apartment, Boullion Chartier, David Ayres, flâne, flowers, l'Oasis d'Aboukir, la Butte Montmartre, La Chope Des Vosges, Le Gai Moulin, Marais, meals, Parc des Buttes-Chaumont, temple de la Sibylle, window boxes
I had no special plans for Monday, after finishing my long post about the road trip, so I set off to look for a meal. I wasn’t sure what I wanted, but at length I recalled Boullion Chartier, which Hugo had introduced me to my first year. It’s a Parisian landmark, serving classic French cuisine at reasonable prices.
One unique feature is that you are typically seated with other diners. This can make it very sociable when you are alone, if you are lucky. Happily, I was seated with a business professor from Montpellier who was both cordial and interesting (and preferred to converse in French).
I ended up drinking a lot more wine than I had planned! I ordered a glass of the house red wine, but it turned out that this wasn’t possible so the waiter brought a half bottle. It was really good, for 4.5 euros! Then the Dutch couple at the next table, with whom we had had a pleasant cross-table conversation, treated each of us to a glass of excellent white wine. (The Dutch couple couldn’t believe, in view of our animated conversation, that the prof and I had just met!)
After dinner I strolled back via my old neighborhood, and was impressed by the vertical jungle that l’Oasis d’Aboukir has become, in less than 18 months.
On Tuesday afternoon my first visitor arrived, for a two-night stay. David Ayres practiced law with me in Boston half a life ago. He now lives in Prague, where I visited him and his partner in 2010. He has visited Paris many times so we spent most of our time wandering — through the Marais, up to Parc des Buttes-Chaumont, around Montmartre, etc. etc.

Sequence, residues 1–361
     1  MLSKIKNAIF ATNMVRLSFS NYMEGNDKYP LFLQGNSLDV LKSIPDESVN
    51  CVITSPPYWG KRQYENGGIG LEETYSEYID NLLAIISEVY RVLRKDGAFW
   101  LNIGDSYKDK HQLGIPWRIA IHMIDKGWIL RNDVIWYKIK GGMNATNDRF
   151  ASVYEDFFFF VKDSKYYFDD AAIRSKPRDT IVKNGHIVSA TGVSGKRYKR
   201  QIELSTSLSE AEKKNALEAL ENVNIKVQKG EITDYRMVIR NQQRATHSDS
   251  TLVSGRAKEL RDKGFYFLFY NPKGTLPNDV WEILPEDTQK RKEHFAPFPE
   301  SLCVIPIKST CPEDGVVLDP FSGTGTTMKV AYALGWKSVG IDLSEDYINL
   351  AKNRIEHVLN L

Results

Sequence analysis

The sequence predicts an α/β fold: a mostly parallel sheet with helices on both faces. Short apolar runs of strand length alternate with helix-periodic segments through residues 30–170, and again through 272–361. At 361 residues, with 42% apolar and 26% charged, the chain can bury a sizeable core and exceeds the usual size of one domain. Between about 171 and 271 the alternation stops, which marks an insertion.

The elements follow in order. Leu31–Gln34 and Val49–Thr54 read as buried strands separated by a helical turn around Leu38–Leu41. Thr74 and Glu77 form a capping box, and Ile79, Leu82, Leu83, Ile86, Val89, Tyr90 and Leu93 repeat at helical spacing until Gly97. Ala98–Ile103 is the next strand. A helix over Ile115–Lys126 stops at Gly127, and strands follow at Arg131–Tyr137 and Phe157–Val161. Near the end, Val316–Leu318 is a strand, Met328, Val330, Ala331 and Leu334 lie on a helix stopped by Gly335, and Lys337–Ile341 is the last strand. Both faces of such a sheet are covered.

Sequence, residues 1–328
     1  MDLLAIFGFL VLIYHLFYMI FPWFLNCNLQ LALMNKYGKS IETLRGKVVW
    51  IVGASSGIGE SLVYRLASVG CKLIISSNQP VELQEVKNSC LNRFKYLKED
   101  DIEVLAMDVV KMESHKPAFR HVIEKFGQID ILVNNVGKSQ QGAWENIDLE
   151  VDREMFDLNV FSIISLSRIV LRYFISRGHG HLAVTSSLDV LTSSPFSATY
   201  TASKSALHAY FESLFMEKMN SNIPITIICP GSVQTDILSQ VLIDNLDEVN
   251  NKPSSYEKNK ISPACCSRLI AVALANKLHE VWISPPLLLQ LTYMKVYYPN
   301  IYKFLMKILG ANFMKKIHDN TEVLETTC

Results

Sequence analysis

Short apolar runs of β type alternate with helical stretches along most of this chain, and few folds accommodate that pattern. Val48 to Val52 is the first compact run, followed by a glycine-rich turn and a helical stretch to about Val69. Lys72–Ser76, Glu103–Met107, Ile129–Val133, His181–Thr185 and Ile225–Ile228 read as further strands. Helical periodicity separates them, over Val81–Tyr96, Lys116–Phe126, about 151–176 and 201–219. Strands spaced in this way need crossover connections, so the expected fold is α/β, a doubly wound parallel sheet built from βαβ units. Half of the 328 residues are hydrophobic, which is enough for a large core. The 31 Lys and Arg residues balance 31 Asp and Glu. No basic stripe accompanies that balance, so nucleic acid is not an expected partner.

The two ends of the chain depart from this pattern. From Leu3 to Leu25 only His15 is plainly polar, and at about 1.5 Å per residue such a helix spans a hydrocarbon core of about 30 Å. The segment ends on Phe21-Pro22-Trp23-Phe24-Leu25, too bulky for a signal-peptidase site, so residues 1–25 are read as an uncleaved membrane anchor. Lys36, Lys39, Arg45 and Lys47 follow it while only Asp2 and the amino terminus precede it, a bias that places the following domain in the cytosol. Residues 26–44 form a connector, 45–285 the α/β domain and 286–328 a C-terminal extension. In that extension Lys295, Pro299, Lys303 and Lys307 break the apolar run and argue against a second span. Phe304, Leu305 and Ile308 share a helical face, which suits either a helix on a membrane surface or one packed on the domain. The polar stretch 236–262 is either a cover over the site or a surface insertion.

Our second day I gave a short tour of the north slopes of la Butte Montmartre.
Then David led us deeper into the 17ème than I had previously ventured. We ended up having lunch at La Chope Des Vosges at métro Guy Môquet; it was quite ok except for the chilly demeanor of our waiter.
David liked the apartment, and helped me improve its ambiance immeasurably by planting colorful flower plants in the front window boxes, and ensuring that we never again run out of seltzer water.
On our first evening we had dinner at JaJa, a restaurant in the Marais that I hadn’t previously noticed. It was pretty good, but perhaps not great value for money. Our last evening we ate dinner at Le Gai Moulin, also in the Marais. The food and service are just ok, but the price is right, and the 100% gay diners can be quite amusing. We ended up getting into conversations, in English, with guys at two nearby tables. Their stories were interesting, though we declined a cordial invitation from one of them to pursue a more intimate acquaintance.
David headed back to Prague earlier this afternoon. We both enjoyed our flânes through Paris, but catching up on each other’s lives and thoughts was the highlight of his visit.